Parenting, Inc.

A local parent wrote this! This is definitely a book that has my interest because the strange out of the club feeling I had not buying the top of the line stroller in the beginning, but now as I see families pawning them off on craigslist because they now realize the money wasn't worth it. But all I know is that it's easy to fall into the trap of buy, buy, buy for Baby. You're a new parent and you don't know any better. You're a parent again and felt you could do better this time. Whatever the reason, it's foolishness in my opinion. It's a feeling you have thanks to marketing. Sometimes I get sucked in, but now a couple years in to the whole baby thing, I feel like I have my head on okay. I don't own a super duper expensive stroller. I don't have any consultants or coaches to make me a better parent. I actually have not been in a Toys R Us since she's been born, hold on, Babies R Us doesn't count because that has necessities. But as for the toys, she has a ton, but they are hand me downs or gifts or they have meaning to me. Her grandma can get a bit overdone with the clothes, but some of those are hand me downs and it's all items that are requested because she's growing, fast. I think I'm too hippy at the end of the day to really be into the latest greatest, but I do aim to make her happy. Now that she's thoroughly obsessed with Curious George, I may add to her George collection, but dear Tio Will took care of that pretty damn thoroughly. I think my child is just blessed to have people willing to spoil her when we don't think about it. But I think we think realistically. Yes, if we were rich with paparazzi following us, then maybe we should invest in some nice stuff. But at the end of the day, all she really seems to want is our time. Time is the big thing. And quality over quantity is important. Time is definitely shorter these days for me, but I remember days when it was fewer so I am blessed to have the time I have.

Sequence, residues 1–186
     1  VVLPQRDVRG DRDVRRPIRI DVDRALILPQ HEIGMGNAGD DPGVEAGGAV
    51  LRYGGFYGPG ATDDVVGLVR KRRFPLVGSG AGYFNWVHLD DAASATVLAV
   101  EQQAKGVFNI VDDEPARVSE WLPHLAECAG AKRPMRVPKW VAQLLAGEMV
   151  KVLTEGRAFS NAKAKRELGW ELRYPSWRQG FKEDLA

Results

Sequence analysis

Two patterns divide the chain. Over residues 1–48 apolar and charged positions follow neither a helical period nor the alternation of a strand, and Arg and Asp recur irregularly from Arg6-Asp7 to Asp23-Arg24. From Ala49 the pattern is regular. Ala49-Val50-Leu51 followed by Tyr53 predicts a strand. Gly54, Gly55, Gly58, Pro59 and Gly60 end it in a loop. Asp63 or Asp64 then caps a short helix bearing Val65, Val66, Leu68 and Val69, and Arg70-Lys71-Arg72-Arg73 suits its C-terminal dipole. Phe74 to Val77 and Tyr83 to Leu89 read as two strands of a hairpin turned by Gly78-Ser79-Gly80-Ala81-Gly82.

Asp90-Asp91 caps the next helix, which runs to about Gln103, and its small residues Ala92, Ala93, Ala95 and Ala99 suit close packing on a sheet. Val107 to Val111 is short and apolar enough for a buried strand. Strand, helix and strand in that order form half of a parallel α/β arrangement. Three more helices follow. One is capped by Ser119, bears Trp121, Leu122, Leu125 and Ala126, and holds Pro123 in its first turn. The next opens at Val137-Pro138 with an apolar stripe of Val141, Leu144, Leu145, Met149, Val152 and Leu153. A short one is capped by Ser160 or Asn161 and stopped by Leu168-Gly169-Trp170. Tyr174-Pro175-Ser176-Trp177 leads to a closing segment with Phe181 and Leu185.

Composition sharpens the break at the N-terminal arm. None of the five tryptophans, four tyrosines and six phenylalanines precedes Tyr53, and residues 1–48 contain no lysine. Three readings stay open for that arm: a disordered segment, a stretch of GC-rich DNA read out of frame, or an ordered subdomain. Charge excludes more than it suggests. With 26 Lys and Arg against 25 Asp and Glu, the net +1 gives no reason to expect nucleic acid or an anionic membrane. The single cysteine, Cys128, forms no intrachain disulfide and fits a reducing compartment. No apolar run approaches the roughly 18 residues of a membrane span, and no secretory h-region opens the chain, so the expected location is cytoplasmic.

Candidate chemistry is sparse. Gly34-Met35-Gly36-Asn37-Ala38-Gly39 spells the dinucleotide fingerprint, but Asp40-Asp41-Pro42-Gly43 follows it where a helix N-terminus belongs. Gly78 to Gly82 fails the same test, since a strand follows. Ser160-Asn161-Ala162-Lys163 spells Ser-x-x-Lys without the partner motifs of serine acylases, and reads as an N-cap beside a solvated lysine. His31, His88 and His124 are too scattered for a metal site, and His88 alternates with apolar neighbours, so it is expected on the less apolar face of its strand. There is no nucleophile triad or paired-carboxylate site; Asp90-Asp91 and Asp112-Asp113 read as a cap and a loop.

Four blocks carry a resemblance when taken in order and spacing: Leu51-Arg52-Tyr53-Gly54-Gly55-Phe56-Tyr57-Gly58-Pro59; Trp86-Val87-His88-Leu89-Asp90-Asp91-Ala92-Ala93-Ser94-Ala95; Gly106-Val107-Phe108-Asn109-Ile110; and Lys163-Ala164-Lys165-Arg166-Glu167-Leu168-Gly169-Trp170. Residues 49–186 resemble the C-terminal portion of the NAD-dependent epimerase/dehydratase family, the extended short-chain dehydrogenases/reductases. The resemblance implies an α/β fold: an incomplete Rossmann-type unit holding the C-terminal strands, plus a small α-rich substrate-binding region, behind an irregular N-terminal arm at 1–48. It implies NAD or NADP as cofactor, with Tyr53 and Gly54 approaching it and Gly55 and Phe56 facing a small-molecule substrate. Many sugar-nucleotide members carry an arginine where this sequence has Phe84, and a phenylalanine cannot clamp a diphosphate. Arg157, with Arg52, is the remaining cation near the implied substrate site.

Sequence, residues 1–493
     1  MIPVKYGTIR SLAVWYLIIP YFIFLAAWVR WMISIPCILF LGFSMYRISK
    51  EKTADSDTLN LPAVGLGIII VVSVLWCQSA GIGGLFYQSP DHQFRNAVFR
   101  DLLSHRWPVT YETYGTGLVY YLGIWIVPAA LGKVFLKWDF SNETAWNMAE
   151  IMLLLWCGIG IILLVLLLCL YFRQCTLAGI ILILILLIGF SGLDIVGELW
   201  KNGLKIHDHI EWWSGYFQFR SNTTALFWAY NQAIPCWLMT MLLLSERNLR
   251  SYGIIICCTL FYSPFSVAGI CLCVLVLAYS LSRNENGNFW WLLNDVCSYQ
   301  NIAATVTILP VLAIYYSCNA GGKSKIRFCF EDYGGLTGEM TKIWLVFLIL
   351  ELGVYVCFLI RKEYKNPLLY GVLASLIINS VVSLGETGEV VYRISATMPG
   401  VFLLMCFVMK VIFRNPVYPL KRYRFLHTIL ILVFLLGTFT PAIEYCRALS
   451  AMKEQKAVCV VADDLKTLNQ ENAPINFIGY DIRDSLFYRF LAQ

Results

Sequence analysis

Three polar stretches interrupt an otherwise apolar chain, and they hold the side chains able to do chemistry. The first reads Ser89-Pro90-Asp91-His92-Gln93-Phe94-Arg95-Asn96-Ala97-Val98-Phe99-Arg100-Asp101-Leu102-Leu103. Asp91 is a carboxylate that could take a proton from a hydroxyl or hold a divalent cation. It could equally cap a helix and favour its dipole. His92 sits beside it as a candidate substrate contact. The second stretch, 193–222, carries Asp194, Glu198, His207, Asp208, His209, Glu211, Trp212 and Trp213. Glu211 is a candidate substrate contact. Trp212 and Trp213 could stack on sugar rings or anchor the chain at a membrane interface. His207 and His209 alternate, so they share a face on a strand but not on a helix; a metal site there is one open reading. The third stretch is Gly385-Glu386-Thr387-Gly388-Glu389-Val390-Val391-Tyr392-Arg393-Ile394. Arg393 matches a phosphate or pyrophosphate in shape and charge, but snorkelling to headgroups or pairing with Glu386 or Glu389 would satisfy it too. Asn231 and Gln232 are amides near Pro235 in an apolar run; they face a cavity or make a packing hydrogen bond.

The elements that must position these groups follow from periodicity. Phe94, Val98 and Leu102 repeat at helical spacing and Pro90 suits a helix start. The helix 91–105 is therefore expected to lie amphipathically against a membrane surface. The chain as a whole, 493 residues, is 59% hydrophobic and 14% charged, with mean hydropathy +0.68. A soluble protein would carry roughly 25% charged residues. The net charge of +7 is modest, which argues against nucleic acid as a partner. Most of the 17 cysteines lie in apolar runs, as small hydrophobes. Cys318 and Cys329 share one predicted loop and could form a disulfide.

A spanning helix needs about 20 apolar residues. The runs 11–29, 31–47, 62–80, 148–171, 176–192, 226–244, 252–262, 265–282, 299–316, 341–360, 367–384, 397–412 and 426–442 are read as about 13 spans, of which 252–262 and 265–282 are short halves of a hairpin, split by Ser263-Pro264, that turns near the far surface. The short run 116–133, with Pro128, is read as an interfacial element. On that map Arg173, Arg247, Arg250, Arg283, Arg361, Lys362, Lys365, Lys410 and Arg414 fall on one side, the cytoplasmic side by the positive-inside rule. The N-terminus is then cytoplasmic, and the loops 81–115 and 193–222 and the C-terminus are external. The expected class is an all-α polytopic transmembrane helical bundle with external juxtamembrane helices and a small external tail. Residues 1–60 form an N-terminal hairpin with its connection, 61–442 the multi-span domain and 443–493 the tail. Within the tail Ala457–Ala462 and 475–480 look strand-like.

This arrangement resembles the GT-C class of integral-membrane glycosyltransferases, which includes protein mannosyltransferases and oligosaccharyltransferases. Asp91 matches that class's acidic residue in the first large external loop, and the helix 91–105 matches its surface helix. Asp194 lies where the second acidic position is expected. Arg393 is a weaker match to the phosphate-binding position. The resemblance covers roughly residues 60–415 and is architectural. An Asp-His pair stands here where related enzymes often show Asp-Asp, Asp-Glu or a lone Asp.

But with all that said, I know I could chill out on some things, okay, lots of things. But anyway, the book is Parenting, below. Or listen to Pamela on NPR.

About Parenting, Inc.
A leading social critic goes inside the billion-dollar baby business to expose the marketing and the myths, helping parents determine what's worth their money-and what's a waste Parenting coaches, ergonomic strollers, music classes, sleep consultants, luxury diaper creams, a never-ending rotation of DVDs that will make a baby smarter, socially adept, and bilingual before age three. Time-strapped, anxious parents hoping to provide the best for their baby are the perfect mark for the 'parenting' industry.

In Parenting, Inc., Pamela Paul investigates the whirligig of marketing hype, peer pressure, and easy consumerism that spins parents into purchasing overpriced products and raising overprotected, overstimulated, and over-provided-for children. Paul shows how the parenting industry has persuaded parents that they cannot trust their children's health, happiness, and success to themselves. She offers a behind-the-scenes look at the baby business so that any parent can decode the claims-and discover shockingly unuseful products and surprisingly effective services. And she interviews educators, psychologists, and parents to reveal why the best thing for a baby is to break the cycle of self-recrimination and indulgence that feeds into overspending. Paul's book leads the way for every parent who wants to escape the spiral of fear, guilt, competition, and consumption that characterizes modern American parenthood.


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